Passing South Korea?LEE GA-YOUNG
The author is an international and security news reporter of the Joongang Ilbo.
A journalist I met in Tokyo on Nov. 24 showed this editorial from the Tokyo Shimbun. The Tokyo Shimbun is known as a liberal newspaper in Japan. It has maintained a tone that Japan should get along with South Korea. But it wrote a critical editorial on the dissolution of the Reconciliation and Healing Foundation and expressed concern about the Korean government not keeping its promise. It mentioned President Moon’s attitude of valuing North Korea and his diplomatic efforts to ease sanctions on the North on overseas trips. The journalist who showed me the editorial said that with the ruling on compensation for the forced labor and dissolution of the foundation, he was worried that an increasing number of Japanese people think it is hard to understand South Korea.
That afternoon, I met a South Korean professor at a university in Tokyo. He is a North Korea expert. He said that more students signed up for his class on North Korea this semester, and other universities are opening similar classes. “In the rapidly changing international situation, people increasingly think North Korea will become an important region for Japan. Both sides hope to directly negotiate, and it is already in progress.”
The South Korea I faced in Tokyo in late autumn was lonely. The coldness between Seoul and Tokyo was more intense than ever. Moreover, Japan is moving towards North Korea. Until now, Japan’s contact with North Korea was based on Article 3 of the Korea-Japan Basic Treaty: that the Republic of Korea is the only legitimate government on the Korean Peninsula. So Japan could only contact North Korea when inter-Korean relations were smooth. Nowadays, as the South Korean government guarantees North Korea, Japan has nothing to fear. Also, abduction is a theme that North Korea and Japan need to deal with. There is no place for South Korea when North Korea and Japan talk over abduction, a human rights issue. Japan could work with the United States to increase pressure on the North over human rights issue.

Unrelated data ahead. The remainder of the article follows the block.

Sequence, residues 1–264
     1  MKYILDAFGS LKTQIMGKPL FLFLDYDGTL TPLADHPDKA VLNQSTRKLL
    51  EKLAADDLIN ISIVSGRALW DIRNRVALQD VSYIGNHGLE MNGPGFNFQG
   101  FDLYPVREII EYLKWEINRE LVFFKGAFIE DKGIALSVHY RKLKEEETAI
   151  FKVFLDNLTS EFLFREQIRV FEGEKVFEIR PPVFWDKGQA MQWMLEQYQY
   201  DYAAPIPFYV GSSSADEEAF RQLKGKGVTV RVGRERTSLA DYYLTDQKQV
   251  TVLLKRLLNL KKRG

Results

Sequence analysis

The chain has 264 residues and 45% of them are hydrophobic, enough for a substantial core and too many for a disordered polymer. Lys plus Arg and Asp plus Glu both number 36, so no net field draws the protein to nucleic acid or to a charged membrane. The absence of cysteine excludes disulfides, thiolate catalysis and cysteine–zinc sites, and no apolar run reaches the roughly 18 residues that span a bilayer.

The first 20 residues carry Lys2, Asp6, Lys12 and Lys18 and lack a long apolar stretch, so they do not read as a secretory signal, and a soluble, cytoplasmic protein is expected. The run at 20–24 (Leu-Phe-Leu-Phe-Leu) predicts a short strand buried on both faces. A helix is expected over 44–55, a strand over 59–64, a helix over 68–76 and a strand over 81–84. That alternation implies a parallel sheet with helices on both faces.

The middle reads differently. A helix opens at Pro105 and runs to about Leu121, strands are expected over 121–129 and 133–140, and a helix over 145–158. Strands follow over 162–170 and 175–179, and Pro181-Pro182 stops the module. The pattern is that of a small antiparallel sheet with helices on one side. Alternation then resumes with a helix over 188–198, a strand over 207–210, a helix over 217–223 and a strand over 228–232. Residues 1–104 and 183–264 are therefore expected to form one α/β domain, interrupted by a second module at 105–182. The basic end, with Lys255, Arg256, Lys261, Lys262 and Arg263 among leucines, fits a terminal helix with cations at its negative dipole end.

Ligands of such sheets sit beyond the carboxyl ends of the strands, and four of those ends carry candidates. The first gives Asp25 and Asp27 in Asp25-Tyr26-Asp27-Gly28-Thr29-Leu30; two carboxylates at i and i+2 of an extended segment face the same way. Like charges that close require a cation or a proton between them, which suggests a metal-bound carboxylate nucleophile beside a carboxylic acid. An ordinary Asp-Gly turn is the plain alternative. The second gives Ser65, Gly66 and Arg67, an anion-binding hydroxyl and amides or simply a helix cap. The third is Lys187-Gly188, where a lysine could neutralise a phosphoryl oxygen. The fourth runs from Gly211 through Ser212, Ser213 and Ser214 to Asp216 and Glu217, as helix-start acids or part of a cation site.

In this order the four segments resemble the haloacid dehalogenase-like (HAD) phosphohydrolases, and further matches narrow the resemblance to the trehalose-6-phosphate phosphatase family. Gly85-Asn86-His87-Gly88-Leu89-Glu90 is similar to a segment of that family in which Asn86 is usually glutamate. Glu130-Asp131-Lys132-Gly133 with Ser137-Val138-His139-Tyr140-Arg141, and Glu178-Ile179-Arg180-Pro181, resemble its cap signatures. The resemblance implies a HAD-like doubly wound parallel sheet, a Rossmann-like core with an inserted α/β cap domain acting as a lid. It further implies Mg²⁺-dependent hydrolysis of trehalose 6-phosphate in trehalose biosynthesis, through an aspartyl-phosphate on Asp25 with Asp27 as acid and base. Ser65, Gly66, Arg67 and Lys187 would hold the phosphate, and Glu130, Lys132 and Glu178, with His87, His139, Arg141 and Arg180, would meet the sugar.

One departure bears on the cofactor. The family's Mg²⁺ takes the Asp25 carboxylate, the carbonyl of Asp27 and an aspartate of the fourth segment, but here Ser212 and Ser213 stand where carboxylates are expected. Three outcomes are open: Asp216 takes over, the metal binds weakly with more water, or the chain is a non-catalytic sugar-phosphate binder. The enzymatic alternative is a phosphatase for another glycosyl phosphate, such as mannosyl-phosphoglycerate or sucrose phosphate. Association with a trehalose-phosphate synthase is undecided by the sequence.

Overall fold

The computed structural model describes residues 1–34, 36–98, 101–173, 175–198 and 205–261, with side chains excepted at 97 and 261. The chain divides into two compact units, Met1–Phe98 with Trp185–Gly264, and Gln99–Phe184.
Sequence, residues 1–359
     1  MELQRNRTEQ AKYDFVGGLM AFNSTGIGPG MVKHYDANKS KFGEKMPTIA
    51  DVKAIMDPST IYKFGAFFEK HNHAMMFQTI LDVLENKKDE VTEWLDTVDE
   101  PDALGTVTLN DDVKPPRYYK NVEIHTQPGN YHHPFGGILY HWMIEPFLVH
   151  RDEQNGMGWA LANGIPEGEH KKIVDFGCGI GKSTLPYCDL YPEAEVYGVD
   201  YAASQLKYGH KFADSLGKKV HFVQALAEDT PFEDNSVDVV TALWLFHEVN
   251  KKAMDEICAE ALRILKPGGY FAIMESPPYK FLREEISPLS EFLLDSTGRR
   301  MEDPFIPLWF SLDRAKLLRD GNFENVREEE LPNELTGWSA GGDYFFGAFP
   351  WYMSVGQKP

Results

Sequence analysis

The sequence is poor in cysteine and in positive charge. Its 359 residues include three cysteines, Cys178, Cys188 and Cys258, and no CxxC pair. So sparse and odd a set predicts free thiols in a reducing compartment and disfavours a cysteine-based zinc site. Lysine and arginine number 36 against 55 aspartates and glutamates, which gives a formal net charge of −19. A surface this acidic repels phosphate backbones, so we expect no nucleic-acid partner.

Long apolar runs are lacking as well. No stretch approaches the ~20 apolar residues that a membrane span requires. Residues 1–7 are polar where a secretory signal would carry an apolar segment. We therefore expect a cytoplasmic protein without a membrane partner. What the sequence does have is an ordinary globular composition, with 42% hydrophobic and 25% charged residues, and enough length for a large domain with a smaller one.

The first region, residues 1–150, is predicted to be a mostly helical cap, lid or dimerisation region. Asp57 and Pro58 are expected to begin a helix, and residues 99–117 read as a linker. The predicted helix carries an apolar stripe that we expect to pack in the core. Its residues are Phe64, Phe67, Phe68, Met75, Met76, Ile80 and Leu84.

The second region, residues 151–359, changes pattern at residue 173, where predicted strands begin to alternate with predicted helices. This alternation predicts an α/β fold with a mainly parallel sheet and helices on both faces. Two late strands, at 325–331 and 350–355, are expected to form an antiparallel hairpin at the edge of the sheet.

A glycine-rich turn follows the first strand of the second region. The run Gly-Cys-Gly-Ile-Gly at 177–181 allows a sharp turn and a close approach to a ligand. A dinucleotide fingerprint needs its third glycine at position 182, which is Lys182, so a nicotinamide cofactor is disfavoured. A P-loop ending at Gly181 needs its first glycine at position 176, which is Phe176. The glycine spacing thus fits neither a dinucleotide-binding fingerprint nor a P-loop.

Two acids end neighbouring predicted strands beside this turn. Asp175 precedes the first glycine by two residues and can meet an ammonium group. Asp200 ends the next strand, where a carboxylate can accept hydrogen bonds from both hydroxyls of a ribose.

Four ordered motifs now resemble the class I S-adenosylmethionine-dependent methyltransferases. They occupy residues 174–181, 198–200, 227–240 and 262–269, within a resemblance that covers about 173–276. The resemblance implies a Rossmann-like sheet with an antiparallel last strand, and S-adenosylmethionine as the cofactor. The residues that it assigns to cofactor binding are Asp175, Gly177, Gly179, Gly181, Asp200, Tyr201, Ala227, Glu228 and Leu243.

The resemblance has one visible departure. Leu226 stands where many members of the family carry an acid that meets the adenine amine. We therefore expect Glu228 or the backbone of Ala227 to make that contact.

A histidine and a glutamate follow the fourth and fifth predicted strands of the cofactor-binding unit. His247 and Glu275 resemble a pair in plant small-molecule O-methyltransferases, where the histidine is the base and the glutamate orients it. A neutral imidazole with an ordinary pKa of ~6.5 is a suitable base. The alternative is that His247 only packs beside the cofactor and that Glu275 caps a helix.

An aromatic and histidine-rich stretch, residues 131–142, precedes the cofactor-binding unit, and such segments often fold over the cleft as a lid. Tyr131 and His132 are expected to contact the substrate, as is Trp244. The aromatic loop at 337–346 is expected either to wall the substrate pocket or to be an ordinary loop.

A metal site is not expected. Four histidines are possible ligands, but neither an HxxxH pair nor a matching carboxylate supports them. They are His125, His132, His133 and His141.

The problem is that Seoul is neglecting it. Professor Park Jeong-jin of Tsudajuku University said, “Persuasion is needed to work with Japan on North Korea policy, but Seoul seems uninterested. It would be a mistake if North Korea and Japan go against South Korea’s intention.” He added that disliking Japan and looking at North Korea-Japan relations straight are separate issues. Depending on Tokyo-Pyongyang relations, the possibility of “passing South Korea,” and not “passing Japan,” cannot be ruled out.
JoongAng Ilbo, Nov. 29, Page 34